Because the demand for commodities will remain strong for a long time and the dynamics of getting access to these natural resources are changing, this will force foreign interests to re-think their business models because the demand for the resources does not go away. You will see more private investment directly into mining and processing facilities on the continent as the Chinese have been doing.

I get a lot of inquiries about commodities and I tell everyone the same thing. Business has changed. You either invest in operations in the country, do it right, and bring value, or you will find yourself locked out of opportunities on the continent within the next five to ten years.

Another interesting example is for minerals required in technology like coltan. The story of how militias have been selling coltan from the DRC on the black market while exploiting and placing local Congolese in bondage is well reported. A consequence was that industries and even governments instituted conflict-free mineral regulations to prevent companies from promoting this problem.

The conflict free minerals legislation passed last year in the United States, as part of a financial reform bill. Way before then, I shared how simple (not necessarily easy) it would be to build legitimate supply chains in the DRC to bring inclusive benefit to the country, eliminate a lot of the black market, and improve the supply to world markets. To me it was an obvious solution, but one thing about big industries and systems they do not change for the most part until something disrupts their business models.  

Now that this is law and creates a real problem for major technology companies like HP and Sony in getting adequate supply of coltan and other minerals, it was unveiled this week that 21 electronics companies, NGOs, and governmental agencies have formed the Public-Private Alliance for Responsible Minerals Trade. What is one of its primary objectives? Build a legitimate supply chain for minerals from the DRC through certified mines.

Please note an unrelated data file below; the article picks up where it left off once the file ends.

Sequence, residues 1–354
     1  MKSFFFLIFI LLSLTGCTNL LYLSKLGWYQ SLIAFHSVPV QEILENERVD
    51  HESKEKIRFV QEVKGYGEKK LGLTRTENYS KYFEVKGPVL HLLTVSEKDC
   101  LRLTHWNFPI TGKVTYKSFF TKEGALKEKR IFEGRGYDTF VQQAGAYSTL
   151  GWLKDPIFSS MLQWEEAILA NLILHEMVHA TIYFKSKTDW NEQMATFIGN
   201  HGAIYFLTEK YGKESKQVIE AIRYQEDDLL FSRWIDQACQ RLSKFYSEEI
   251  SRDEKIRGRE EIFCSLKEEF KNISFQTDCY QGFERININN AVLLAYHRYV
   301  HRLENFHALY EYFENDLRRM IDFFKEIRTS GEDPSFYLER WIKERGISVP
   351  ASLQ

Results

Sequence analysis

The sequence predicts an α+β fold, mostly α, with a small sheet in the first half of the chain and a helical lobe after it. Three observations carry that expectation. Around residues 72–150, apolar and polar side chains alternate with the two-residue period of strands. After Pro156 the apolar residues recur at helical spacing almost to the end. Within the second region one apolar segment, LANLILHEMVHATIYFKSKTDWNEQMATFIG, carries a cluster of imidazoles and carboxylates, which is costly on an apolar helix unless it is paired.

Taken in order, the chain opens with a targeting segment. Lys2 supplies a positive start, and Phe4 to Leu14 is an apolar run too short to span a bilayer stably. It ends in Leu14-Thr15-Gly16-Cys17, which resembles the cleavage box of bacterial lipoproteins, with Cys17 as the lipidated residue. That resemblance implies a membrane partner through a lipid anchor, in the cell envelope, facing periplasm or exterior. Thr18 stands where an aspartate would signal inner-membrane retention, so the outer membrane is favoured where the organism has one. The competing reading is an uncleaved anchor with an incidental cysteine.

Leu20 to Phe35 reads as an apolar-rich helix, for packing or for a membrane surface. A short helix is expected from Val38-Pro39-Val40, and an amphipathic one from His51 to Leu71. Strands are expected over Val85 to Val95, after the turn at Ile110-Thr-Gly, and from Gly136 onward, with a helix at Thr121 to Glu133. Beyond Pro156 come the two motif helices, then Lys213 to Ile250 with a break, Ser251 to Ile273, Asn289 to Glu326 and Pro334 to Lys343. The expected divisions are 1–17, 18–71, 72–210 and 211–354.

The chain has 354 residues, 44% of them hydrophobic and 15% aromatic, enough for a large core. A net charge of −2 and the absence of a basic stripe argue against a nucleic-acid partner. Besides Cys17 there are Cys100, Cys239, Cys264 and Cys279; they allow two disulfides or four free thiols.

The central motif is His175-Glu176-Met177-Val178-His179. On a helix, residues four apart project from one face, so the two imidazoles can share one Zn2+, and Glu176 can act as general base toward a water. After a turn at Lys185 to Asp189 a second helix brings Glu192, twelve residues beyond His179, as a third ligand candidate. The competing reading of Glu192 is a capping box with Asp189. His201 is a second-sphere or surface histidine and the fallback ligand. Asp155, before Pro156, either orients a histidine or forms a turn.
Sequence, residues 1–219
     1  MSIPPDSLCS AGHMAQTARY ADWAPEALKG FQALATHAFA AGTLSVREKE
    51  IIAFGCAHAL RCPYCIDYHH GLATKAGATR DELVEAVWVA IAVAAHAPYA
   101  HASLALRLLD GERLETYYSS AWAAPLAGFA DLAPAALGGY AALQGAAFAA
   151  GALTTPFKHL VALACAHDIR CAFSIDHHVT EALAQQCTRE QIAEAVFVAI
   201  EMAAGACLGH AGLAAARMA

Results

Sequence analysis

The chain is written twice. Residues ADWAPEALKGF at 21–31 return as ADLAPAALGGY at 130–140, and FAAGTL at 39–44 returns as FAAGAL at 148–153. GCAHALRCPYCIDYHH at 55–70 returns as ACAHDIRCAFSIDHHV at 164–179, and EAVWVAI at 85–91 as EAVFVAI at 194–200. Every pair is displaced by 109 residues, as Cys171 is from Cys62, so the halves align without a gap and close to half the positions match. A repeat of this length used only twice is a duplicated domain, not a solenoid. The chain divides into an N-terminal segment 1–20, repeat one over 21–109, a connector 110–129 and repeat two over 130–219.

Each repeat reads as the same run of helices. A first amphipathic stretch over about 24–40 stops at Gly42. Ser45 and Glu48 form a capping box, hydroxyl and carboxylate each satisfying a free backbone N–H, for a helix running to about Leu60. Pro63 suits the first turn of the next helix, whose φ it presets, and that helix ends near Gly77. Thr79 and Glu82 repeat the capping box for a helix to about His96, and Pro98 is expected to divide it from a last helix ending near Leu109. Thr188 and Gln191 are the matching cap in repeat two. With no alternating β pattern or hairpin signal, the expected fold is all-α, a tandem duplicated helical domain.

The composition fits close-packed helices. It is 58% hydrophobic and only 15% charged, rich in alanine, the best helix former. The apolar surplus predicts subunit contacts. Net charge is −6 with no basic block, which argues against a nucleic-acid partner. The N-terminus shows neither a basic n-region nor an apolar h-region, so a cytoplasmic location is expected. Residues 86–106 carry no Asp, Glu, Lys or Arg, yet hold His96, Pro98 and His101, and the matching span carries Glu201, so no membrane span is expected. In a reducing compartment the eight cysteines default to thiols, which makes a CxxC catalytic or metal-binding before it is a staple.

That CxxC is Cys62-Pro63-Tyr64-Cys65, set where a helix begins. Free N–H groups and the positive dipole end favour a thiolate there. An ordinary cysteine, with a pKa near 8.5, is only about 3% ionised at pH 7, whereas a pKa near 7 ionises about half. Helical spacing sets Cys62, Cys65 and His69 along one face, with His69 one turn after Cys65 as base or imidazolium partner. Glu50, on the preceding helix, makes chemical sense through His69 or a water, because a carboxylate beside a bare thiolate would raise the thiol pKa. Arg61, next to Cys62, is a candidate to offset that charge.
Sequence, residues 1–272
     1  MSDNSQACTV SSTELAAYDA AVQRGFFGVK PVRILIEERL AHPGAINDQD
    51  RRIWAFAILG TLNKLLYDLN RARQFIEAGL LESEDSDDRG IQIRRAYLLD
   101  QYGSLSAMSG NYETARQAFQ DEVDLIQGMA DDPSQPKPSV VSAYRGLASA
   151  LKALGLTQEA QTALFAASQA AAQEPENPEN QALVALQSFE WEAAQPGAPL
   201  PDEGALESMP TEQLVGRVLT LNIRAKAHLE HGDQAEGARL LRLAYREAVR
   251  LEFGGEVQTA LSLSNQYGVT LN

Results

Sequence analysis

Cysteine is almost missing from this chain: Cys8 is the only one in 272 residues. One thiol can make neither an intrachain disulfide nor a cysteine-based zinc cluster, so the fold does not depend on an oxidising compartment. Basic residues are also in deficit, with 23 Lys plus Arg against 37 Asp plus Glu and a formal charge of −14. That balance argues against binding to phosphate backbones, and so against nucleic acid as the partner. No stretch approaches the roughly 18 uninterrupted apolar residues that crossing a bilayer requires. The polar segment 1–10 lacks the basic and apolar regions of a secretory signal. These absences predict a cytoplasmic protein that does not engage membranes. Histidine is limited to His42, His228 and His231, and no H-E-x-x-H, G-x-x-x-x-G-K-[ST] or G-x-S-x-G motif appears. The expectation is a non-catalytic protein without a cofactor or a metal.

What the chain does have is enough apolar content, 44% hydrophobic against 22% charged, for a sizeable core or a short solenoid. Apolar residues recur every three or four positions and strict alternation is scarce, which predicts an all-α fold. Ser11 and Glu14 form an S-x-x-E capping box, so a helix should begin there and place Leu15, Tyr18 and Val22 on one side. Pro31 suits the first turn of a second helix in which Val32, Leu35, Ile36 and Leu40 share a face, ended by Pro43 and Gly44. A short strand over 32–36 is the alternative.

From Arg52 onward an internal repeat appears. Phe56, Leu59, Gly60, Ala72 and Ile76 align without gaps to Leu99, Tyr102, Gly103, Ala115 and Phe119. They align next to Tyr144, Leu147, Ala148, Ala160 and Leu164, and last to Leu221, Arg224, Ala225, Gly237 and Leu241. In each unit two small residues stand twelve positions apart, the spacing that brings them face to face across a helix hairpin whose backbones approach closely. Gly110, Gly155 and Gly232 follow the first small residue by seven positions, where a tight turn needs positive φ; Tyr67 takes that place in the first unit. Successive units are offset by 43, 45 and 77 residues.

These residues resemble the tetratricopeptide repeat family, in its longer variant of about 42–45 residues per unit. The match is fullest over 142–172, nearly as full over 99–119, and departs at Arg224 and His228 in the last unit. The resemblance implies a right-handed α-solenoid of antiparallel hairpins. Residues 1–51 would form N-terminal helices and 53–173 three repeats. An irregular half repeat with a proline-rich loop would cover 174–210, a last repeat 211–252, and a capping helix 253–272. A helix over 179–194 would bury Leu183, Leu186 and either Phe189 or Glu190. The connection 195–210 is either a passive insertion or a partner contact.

While I won’t negate that corporations can have a conscience because I believe business done right brings benefit for everyone and I think the private sector is the main tool for driving economic growth, they still didn’t change until a disruption in supply of a critical raw material occurred.

Also, I want to note that, on the whole, Africa’s natural resources are seen as commodities, which while necessary, do not give the perception of having high value except when they are in short supply. What consumers see being of value is the end product, e.g., mobile phone and clothing. Therefore, much of the potential in creating wealth is passed onto others instead of Africa because it is not producing the intermediary or end products. This piece still needs a lot of work.

However, one of the dynamics that will change in the next decade or so is the understanding of what is of value and who holds that value. In an interview I conducted with Denis Slieker of Face the Future recently, he said that a new value has been placed on African resources because of climate change. The mere fact that communities who plant trees, which helps mitigate climate control, and make money from their efforts by selling their carbon credits on different carbon exchanges means Africans are creating a service out their stewardship of the land in their control – and the world finds value in that. I believe this is the beginning of many shifts in the concept of value, which will be favorable to Africa more than any other region.

In conclusion, this push for commodities will not last forever even though it is expected to last at least another decade. The time to leverage is now. What we have to realize, and why I share about these things, is that everything has shifted so that Africa’s future is in its own hands, and not in the hands of someone else. It is extremely important for governments, the private sector, and NGOs to re-evaluate Africa’s position and leverage its assets to ensure inclusive, sustainable growth on the continent.

 

Lauri Elliott is a strategist with over 25 years of business experience, specializing in global business, innovation, technology, and new ventures and start-ups.

 

Visit Lauri Elliott's page

 

Featured image is Victoria Falls, Zambia. Source: Kounosu